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Old 2013-07-09, 06:33   Link #29321
risingstar3110
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Quote:
Originally Posted by TinyRedLeaf View Post
Quoted verbatim from the story:

The man was a known assassin. He was captured at the site of the mass grave. The general summarily executed him. He wasn't "discovered" to be a mass murderer after the execution.

Was there due process? No. Was it wrong? Yes, such summary executions could constitute a war crime. The key here, is not whether the context behind the execution excuses the potential crime. The end does not justify the means.

No, the crux of the question is, now that you know the full story, would you still look at the general as a hardcore criminal who had absolute disregard for the Geneva Convention?

As an armchair commentator, it's easy to cast blame. I guarantee you, however, if you were there, in the general's shoes, at that moment in time, it wouldn't so easy to make the "right" call.

My point simply is that, not knowing the "big picture", not knowing the full reasons why extensive surveillance like Prism is needed to prevent acts of terrorism, it's impossible for us to fully evaluate its pros and cons.
The only defendant was silent as soon as that picture was taken. He is not known to be an assassin, or at least there is no trial or evidences on that. There is also no proof that he was "captured at the site of the mass grave"(the story actually developed from killing innocents children, to killing a cop family, to killing 7 cop families as you stated). Or even if there was mass grave at all.

Sorry , looking at WW2 and Vietnam War were like my favorite hobby during high school/early uni. But after the Tet offenses there were massive reports of mass graves collaborated by US and South Vietnam offices trying to turn the mass population against the Vietcong. Most was concentrated in the city of Hue where based on timelines, the Vietcong swiftly took over, then US and South Vietnam forces barricaded the city trapping most of the residents inside. The fighting continue, with the trapped Vietcong and US with superior air force and heavy weapons flatten and damage 70% of the city structures. Almost none civillians killing was reported by the US. Then up to two months after the war ended, mass graves were conveniently "discovered" around the city, credited to Vietcong's massacres. None of the reporters were allowed to enter onsite of such mass graves.

It bit back massively through, as those propaganda/reports directly led to the fall of Saigon 6 years later (dying people aside, it's hilarious, honestly)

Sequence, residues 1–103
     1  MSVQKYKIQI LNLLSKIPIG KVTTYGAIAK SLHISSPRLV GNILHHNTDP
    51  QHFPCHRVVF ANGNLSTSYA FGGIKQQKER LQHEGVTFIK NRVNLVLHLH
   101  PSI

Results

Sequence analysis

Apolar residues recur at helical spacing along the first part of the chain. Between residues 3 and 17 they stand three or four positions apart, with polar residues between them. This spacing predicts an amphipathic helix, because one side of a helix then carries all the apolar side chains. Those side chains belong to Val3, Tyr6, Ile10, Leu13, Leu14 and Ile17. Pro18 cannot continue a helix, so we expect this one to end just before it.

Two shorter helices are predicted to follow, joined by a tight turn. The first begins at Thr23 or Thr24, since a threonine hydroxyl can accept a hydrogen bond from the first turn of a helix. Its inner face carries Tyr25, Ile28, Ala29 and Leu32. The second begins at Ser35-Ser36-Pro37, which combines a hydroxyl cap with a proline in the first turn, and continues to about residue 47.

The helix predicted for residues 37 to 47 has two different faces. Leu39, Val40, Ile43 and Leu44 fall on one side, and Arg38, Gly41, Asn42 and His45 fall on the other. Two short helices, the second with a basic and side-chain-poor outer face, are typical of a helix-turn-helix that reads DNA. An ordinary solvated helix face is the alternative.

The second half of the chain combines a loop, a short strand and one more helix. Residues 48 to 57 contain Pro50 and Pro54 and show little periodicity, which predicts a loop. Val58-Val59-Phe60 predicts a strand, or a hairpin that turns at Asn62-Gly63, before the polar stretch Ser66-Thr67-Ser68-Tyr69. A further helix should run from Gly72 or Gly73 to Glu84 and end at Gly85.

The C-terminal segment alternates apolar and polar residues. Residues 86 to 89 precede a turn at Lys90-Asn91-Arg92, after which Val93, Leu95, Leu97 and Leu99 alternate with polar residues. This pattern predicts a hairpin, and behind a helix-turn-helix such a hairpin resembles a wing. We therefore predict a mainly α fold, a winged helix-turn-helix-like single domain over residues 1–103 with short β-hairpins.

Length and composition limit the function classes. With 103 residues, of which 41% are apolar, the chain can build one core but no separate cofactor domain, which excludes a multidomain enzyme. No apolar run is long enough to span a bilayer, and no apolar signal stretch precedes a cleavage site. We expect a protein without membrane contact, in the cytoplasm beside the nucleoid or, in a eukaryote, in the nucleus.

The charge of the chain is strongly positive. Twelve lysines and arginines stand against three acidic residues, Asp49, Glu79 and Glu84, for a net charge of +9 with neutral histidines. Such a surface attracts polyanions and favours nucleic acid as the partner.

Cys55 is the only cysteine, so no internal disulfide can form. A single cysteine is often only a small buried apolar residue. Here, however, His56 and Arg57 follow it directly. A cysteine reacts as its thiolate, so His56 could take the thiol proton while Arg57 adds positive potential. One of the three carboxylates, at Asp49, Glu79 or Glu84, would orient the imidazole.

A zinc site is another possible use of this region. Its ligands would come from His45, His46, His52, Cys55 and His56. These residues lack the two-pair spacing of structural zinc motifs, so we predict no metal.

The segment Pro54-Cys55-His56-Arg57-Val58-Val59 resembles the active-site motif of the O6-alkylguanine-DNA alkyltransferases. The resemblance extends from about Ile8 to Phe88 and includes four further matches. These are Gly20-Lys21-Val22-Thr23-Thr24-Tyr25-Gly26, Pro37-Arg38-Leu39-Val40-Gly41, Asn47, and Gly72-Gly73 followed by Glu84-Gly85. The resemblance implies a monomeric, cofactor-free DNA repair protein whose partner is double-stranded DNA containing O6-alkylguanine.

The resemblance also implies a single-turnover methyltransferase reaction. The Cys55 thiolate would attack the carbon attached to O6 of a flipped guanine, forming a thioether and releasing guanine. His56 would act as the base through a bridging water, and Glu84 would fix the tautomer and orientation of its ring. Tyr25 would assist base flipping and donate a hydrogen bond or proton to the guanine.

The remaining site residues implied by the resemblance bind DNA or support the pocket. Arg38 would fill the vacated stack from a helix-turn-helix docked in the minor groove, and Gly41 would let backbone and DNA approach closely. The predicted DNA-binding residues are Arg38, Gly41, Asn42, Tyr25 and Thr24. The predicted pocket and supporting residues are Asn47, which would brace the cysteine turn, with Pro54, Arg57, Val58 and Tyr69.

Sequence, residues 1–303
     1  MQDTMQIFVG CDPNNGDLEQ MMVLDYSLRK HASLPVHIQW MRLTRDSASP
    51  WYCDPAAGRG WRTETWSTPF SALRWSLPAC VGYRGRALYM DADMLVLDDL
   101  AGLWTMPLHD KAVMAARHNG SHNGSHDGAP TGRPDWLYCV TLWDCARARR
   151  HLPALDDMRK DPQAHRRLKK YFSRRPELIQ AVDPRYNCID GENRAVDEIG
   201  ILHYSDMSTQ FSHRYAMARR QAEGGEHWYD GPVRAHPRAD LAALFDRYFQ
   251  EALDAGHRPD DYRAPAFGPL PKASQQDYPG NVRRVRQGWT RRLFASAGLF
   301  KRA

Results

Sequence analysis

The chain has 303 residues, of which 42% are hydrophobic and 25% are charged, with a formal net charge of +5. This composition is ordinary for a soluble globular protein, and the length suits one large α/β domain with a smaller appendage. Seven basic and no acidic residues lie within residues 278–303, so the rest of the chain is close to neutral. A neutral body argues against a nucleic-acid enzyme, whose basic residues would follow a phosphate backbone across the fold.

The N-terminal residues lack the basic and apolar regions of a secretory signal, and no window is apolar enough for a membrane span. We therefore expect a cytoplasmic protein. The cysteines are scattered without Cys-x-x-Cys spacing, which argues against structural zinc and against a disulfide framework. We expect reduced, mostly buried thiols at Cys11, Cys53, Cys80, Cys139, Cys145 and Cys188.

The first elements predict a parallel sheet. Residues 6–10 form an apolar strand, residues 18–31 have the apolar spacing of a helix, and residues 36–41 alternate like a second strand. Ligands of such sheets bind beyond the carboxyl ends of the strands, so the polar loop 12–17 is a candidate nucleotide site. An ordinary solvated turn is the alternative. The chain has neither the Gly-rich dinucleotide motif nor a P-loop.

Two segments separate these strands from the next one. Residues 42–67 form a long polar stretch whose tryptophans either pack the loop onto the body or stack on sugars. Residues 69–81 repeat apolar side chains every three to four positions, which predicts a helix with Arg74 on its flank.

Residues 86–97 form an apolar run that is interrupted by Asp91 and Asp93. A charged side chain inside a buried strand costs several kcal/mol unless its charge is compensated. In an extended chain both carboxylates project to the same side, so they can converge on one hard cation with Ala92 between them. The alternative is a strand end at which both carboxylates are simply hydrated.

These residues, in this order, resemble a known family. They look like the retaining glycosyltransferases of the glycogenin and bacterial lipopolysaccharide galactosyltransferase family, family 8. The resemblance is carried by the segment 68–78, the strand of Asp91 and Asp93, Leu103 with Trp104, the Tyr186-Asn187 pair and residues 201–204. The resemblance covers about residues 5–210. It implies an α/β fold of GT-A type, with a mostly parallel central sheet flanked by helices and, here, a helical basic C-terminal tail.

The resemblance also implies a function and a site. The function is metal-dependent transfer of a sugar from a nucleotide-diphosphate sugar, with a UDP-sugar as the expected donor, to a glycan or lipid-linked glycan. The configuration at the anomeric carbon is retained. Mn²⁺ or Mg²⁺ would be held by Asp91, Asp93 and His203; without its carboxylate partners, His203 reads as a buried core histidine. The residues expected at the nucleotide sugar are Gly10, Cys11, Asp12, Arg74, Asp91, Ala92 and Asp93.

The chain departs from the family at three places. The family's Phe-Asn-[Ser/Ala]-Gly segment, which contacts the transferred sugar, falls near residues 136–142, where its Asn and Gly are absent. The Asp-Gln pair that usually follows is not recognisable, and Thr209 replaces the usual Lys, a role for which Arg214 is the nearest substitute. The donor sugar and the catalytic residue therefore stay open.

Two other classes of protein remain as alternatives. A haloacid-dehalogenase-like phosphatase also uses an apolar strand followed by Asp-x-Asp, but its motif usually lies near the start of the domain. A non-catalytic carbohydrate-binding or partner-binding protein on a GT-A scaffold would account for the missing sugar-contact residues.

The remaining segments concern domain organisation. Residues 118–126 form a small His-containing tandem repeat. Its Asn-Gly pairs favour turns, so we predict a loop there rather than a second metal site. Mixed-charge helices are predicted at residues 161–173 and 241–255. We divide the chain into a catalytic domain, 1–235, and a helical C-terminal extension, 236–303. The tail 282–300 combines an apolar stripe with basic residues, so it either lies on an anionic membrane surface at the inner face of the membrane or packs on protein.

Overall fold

But you can guess what i means. If you are looking at things (like motivations) beyond "facts" (i prefer using this than "truth"). It is easy for your opinion to be swayed, and actions can be rejustified. Context is important but that only was after assessing the event independently by itself.

Quote:
Originally Posted by TinyRedLeaf View Post
The US government doesn't deny that Prism exists. But it is trying to defend its necessity. It's up to Americans to decide whether it's a policy decision that has gone too far.

And I'm saying that, in truth, such a decision is impossible for ordinary Americans to make fairly. For most people, it's an unacceptable invasion of privacy. But then, we'll never know the reasons that purportedly made such a system necessary in the first place, because they are classified secrets. Information that President Obama would have, but is legally unable to divulge. At least, not now.

Let me ask simply: Is spying wrong, in principle? Yes or no?

If you said "No, it depends", then the next inevitable question would be, "Well, how much spying is too much?"

That is the question that Americans would have to answer for themselves. It would be nice if foreigners had a say in it, too, but obviously that's not going to happen even though we are the ones who are actually worse affected.

To me, the answer was never "Yes, spying is categorically wrong" to begin with. Anyone who believes otherwise needs a crash course in realpolitik.
Honestly, the issue was not so much on spying. But on how much the US government can and could hide under public (even with those secret court/trial things). Then talk about uneducated public can't handle the truth...

I means i will still against spying if US pass the regulations allowing legitimately spying their own citizens. It will be same with torture in that case, most of the public against it, but still legitimate. But it will be different with this case isn't it?
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Old 2013-07-09, 06:44   Link #29322
TinyRedLeaf
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Quote:
Originally Posted by risingstar3110 View Post
The only defendant was silent as soon as that picture was taken. He is not known to be an assassin, or at least there is no trial or evidences on that. There is also no proof that he was "captured at the site of the mass grave"(the story actually developed from killing innocents children, to killing a cop family, to killing 7 cop families as you stated). Or even if there was mass grave at all.

"And the whole thing is the picture destroyed (the general's) life. And that's what bothers me more than anything else."
Eddie Adams, the photographer behind the Saigon Execution picture
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Old 2013-07-09, 06:50   Link #29323